handmade by amalia said...

A fascinating place, I admire both the history and the craftsmanship that went into creating it. I could spend a very happy afternoon browsing through those cookbooks, what a treasure.
Amalia
xo

Rambling Woods said...

This is a great post and I am sure took great time to put together..I am trying to learn more about the native americans who were here before we took the land...Michelle

Sallie (FullTime-Life) said...

I loved all of this Pat and bookmarked it to 'next Colorado visit'...... every time we get to tour any historic home from any state or any era, it is always the kitchen that fascinates me most. They made this one look so authentic -- and obviously it really could function (and does, for the kids) -- have to admit that those red square spice cans were a fixture in my mother's kitchen when I was a child. (And some of them were still there when we helped them move to their senior living place -- LOL __ don't think they were very spicy by then!)

betty-NZ said...

Your wonderful post shows off this lovely place so well. That kitchen is just to die for, wow!! I love that kids get a taste of that era of cooking.

Jeanna said...

Hi Pat, couldn't find your link but let me know where I can. I think the kitchen would be my favorite room too and I'd spend some time looking over those cookbooks.

Yogi♪♪♪ said...

I have never heard of this but it is now on my bucket list if I ever make it back to Evergreen. What a wonderful and historic place.

Karen (Back Road Journal) said...

I love that kitchen and with wonderful collections that are displayed there.

CHERI said...

What an interesting place! If I ever get to CO I want to visit there. Love that stove, and many of the things in the kitchen remind me of my childhood and things I remember seeing in my grandmothers' kitchens. Thanks for sharing and giving so many interesting details.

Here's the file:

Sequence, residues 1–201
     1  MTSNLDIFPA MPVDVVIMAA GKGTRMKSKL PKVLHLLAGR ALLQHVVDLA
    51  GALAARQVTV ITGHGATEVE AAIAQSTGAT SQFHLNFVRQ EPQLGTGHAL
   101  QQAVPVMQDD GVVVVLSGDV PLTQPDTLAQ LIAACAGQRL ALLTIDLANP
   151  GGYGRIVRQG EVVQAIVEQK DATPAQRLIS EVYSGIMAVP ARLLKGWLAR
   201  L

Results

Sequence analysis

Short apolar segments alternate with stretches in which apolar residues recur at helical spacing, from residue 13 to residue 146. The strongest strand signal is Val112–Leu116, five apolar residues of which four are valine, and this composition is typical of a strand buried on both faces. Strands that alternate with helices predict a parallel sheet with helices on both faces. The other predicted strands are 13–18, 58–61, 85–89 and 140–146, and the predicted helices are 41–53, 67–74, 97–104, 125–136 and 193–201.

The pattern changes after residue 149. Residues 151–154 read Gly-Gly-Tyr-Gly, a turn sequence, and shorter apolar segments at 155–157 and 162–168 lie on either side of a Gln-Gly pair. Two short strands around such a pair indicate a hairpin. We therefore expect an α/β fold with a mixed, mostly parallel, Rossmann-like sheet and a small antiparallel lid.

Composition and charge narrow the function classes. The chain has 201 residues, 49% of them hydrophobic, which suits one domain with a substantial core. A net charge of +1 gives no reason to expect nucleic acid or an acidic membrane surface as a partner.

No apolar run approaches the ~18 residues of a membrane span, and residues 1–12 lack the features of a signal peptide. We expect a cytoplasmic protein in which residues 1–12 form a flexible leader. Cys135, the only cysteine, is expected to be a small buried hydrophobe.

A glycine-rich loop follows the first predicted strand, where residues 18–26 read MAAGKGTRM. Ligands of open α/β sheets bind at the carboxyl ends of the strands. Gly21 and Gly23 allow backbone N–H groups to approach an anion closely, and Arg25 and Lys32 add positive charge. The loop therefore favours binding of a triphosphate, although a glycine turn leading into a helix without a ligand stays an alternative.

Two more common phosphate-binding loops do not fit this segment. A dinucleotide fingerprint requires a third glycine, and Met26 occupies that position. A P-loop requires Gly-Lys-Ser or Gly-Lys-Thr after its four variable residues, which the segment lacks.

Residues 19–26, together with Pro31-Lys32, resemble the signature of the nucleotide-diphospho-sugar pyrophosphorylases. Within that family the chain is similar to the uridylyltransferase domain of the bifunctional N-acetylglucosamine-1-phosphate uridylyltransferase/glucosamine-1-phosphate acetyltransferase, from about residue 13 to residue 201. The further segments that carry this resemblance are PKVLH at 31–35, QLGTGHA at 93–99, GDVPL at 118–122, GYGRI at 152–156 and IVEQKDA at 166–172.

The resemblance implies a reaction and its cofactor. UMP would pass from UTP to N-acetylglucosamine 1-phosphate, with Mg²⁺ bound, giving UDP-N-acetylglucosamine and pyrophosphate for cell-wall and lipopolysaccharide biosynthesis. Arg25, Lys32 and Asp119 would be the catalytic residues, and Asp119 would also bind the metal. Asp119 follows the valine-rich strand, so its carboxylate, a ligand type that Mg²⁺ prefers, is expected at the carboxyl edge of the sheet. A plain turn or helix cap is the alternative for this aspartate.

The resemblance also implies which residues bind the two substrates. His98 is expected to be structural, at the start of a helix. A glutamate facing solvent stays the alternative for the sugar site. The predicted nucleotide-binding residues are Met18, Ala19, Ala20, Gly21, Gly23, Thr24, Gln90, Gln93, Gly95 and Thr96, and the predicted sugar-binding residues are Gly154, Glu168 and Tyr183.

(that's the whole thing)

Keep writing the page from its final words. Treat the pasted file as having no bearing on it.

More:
Jeanie said...

This is fascinating and now I'm plugging the address into google to see if it is anywhere near Boulder or CSprings where I have tentative plans to visit this spring. This is my kind of museum. In fact, it's my kind of house -- I could move in as is! The kitchen is fascinating -- love the selection of old cookbooks and all the wonderful packaging from days gone by. And that fireplace and the Indian rugs. Fabulous. Thanks for sharing this.

TheChieftess said...

Looks like an interesting museum!

Little Wandering Wren said...

This would be my sort of day out - loved exploring this wonderful museum through your eyes today. Thank you Pat!
Wren x

betty-NZ said...

I commented earlier in the week but just wanted to pop back and say thank you very much for linking up at My Corner of the World!

Dee | Grammy's Grid said...

Looks like a very interesting place to visit! Thank you Pat for linking up with us at the #BloggingGrandmothersLinkParty 35! Shared x 3 ♥

Kaycee said...

What a great place to visit! Thank you for sharing! We've been looking for road trip stops in your part of the world! Will be putting this on my list! #OMHGWW

Lowcarb team member said...

This looks a very interesting museum …
Thanks for your words and photographs.

All the best Jan